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How Italy Tried to Break Us Up

By: Glenn John Arnowitz

“Do you want to meet me in Rome?”

That question came in August from Colleen, mi amore of five months. and without hesitation, I said, “Yes!”

Our meetup wasn’t until the beginning of October. After eight days at an art workshop in a thirteenth century castle in Umbria, Colleen would travel to Rome. There, I’d meet her for an overnight. The following day we’d make the trip north to Trevignano, a small village on Lake Bracciano, where we planned to spend the next seven days far away from tourists for a more authentic Italian experience. Bellissimo!

When I told my buddy Mike that Colleen and I were spending eight days in Italy—our first extended stay together—he laughed and said, “Oh, Glenn, baby! This trip will either make or break you guys!” Mamma mia! What did I get myself into?

The first sign of trouble came after we wined and dined in Rome. Colleen was feeling nauseous and blamed the linguine vongole; I blamed the poor service. The second hiccup came when we arrived at the Rome train station to pick up our rental car. We waited in line for what seemed like forever, only to find out Expedia had botched our reservation and there was no car to be had. Aiuto! My patience was wearing thin as the rental car rep kept telling me it wasn’t his problem and to call Expedia. All this started to sound like a familiar Seinfeld episode: “You know how to take a reservation, but you don’t know how to hold the reservation. And that’s the most important part of the reservation. The holding….”

Trying to reach an actual Expedia rep was futile, and I could feel my blood pressure rising. Scialla! Chill, don’t lose your cool. Well, it was a little too late for that. Colleen could already see my seams starting to fray. We stood in line for various rental car companies, only to be told no cars were available. Okay, Rome, you won this round. But we’re tough, so we hit the streets and called for an Uber. Should be easy, right? But the drivers couldn’t seem to find us. Colleen kept saying we were on the wrong side of the train station, and I kept telling her we were where we needed to be. Did I mention it was over 80 degrees, and we were dragging two large suitcases, two backpacks and art supplies? After two hours of missing every Uber car we ordered, we found we were, in fact, on the wrong street. We moved to the other side of the train station—me with my tail between my legs and an “I told you so” look from Colleen. But so far, minimal damage. Rome has the lead, but we’re still together. Tutto bene!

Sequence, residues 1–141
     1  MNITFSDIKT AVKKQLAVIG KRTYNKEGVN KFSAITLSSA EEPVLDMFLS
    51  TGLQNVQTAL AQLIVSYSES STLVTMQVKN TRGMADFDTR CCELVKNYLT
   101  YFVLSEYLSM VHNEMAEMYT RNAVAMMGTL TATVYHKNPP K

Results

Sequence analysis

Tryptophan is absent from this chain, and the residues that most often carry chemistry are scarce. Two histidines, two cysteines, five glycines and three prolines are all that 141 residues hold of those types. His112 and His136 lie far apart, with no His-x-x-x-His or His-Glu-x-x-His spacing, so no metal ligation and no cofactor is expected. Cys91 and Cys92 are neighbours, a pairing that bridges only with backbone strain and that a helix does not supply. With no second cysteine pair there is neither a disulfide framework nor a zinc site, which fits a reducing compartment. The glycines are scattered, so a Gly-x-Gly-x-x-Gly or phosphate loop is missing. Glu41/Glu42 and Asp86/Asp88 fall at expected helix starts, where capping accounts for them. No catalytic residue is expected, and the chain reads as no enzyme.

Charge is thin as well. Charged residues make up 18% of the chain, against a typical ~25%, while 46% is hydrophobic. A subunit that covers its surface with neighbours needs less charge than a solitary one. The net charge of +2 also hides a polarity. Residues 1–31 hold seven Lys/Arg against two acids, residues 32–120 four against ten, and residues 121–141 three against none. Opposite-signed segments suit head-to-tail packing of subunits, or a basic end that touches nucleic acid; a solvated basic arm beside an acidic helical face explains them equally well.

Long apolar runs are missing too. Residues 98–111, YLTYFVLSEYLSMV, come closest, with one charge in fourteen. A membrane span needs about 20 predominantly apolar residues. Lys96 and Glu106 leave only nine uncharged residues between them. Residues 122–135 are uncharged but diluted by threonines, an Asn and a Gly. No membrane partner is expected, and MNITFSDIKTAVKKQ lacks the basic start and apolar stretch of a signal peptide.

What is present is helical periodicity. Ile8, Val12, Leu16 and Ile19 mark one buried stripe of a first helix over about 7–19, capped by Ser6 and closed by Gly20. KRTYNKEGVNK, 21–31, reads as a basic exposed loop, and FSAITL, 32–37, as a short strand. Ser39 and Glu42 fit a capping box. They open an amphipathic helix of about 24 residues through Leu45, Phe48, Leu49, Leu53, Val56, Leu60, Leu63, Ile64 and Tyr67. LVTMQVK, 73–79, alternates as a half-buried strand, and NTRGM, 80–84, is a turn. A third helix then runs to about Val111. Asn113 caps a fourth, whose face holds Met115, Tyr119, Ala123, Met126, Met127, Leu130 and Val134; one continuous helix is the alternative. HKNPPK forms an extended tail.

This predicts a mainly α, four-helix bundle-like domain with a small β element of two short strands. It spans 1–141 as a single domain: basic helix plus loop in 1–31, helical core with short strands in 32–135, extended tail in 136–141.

By now we’re both cranky from the heat and lack of food and water. I finally located a car (one point for us!). While we waited a taxi pulled up and a portly 80-ish year-old woman got out. She was having a lot of difficulty navigating her large suitcase. I imagined it packed either with concrete or a body, maybe her ex-husband’s, but I automatically went over to help. But instead of letting me take the suitcase, she handed me two leashes with a dachshund on the end of each. Colleen started taking photos as we both laughed hysterically at this scene. Nothing like a couple of dogs to make you forget that you’re nauseous (Colleen) and shvitzing (me) on the sidewalk during a Rome heatwave. Finally, our car showed up. Even though the driver wasn’t thrilled about taking us an hour north to Trevignano, we finally made it there. After an amazing lunch, Colleen and I settled happily into our Airbnb. Arrivederci, Roma!

On our second day in Trevignano Colleen wasn’t feeling well again. I walked to a nearby farmacia and spent twenty minutes explaining to the woman behind the counter what a thermometer was in a bizarre game of charades. When I returned Colleen was on the couch in tears. As Italy was testing us, I was now testing Colleen… for COVID. Okay Italy, you’ve lost our car reservation and thrown in a COVID scare, but we’re prepared. Colleen had brought along a few at-home tests, and we now had to face the moment of truth. Those were the longest fifteen minutes we’ve ever spent as I stared down at that tiny piece of cardboard, praying the little red line wouldn’t show. And it didn’t—phew! Another disaster avoided, and another point for our team! So far no casualties. I told you we were tough.